Linked by Amjith Ramanujam on Tue 16th Dec 2008 07:02 UTC, submitted by stonyandcher
Apple Microsoft's first-ever iPhone application is a slick photo viewer with a browsing capability that handles a large number of photos on a mobile device screen. The Seadragon mobile application is free through Apple's application store. It a product of Microsoft's Live Labs division, which focuses on developing Web-based technology and applications. Seadragon incorporates the Deep Zoom feature, which is also integrated into Silverlight 2, Microsoft's multimedia tool. It allows a user to quickly magnify a particular area of a photo, regardless of its size.
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RE: And Apple Allowed it!?!?
by Laurence on Tue 16th Dec 2008 11:10 UTC in reply to "And Apple Allowed it!?!?"
Member since:

Apple is alive today because of a pact with Microsoft - Apple doesn't allow their software to run on normal x86 computers, and Microsoft allows them to live

Safari? iTunes? Quicktime? TrueType?

Or how about their non-windows software that runs in "normal" x86 computers (CUPS for example)?

And that's just off the top of my head.

Edited 2008-12-16 11:13 UTC

Reply Parent Score: 6

wanderingk88 Member since:

TrueType is a font , not software.

I'm sorry, I don't like Apple either, but that comment's just idiotic.

Reply Parent Score: 3

google_ninja Member since:

It's hard to decide which line makes the least sense

Safari was not made by Apple. It's there rebranding and derivative of khtml.

KHTML is a rendering engine. Webkit was based on khtml, but hasn't been that similar for years (read the khtml lists, the apple patches are useless do to how different the projects are now). Safari is a browser with the webkit rendering engine.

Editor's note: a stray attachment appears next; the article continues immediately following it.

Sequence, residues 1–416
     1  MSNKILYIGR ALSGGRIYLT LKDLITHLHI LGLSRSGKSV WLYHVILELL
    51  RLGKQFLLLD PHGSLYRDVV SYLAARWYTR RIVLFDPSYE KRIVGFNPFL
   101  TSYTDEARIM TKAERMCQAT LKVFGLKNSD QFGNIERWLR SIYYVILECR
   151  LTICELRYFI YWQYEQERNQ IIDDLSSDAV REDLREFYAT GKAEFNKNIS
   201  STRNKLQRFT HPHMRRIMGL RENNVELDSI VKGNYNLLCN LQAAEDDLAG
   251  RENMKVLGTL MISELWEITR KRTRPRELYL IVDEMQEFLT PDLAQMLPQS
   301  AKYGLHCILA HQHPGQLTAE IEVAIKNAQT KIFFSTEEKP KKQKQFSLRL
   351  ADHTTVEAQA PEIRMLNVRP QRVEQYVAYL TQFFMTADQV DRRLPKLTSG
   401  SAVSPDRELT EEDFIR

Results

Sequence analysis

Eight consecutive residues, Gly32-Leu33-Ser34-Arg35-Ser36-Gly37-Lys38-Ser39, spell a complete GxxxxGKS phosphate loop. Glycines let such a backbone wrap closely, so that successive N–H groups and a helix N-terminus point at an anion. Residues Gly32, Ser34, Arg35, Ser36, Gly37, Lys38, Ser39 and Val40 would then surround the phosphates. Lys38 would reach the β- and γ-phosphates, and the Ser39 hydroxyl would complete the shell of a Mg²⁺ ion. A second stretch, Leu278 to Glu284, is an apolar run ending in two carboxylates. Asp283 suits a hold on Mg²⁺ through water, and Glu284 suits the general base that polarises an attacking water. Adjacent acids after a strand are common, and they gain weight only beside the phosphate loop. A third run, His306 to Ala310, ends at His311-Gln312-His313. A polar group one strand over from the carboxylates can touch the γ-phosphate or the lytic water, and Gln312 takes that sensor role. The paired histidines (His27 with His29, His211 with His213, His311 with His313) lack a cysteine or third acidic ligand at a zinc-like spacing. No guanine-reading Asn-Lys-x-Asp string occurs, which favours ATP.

There is a relationship between khtml and safari, but it is pretty tenuous at this point.

iTune was ported to windows only and this in a deal with HP , Dell , and others to push the iPod's , they would not take them if they did not made the iTune available.

Where does HP, Dell, and others factor into anything? Apple wanted to sell their software to more then 10% of people with computers, its that simple.

Quicktime is also not from Apple. It was made available to windows to push adoption of the quicktime format by camera makers.

So apple porting something to windows in order to increase its adoption makes it not apples anymore? how does that work?

TrueType is a font , not software.

TrueType is a technology, not a font

CUPS was not made by Apple either and is a UNIX printing protocol under the GPL.

Apple owns CUPS

If you buy something, it is yours.

How many of those Apple derivative run on BSD ? How Many on GNU/Linux ? How many on BEos ? How many on OS/2 ? How many on OpenSolaris ? etc ...

Who cares? You were responding to someone questioning the statement Apple doesn't allow their software to run on normal x86 computer

I think I have you figured out. You aren't a dumb guy or anything, you just have these blinding hatreds of various technology groups. As long as your comment is not touching on any of them, it tends to be well reasoned (sometimes even insightful) As soon as it touches on one of these groups you cant stand (BSD/Apple/Microsoft), all reason and rationality go out the window.

Reply Parent Score: 11

pantheraleo Member since:

But keep in mind the Achilles Heel is Microsoft Office. If Microsoft drops Office for Mac, Apple dies in the enterprise. The existence of Office for Mac is the ONLY reason we even allow Macs as an option on our enterprise network. Without Office for Mac, compatibility would just be too much of a problem. No shared Exchange calendars, no appointment and meeting scheduling, etc.

So yes, in many ways Apple is very dependent on Microsoft for survival at least when they want to play in the big leagues.

Edited 2008-12-16 17:55 UTC

Reply Parent Score: 2

dragossh Member since:

First Safari, then iWork, now Exchange.

Don't forget that they are implementing Exchange support in Snow Leopard. I think in 3 years from now, Apple will become independent of MS.

Reply Parent Score: 1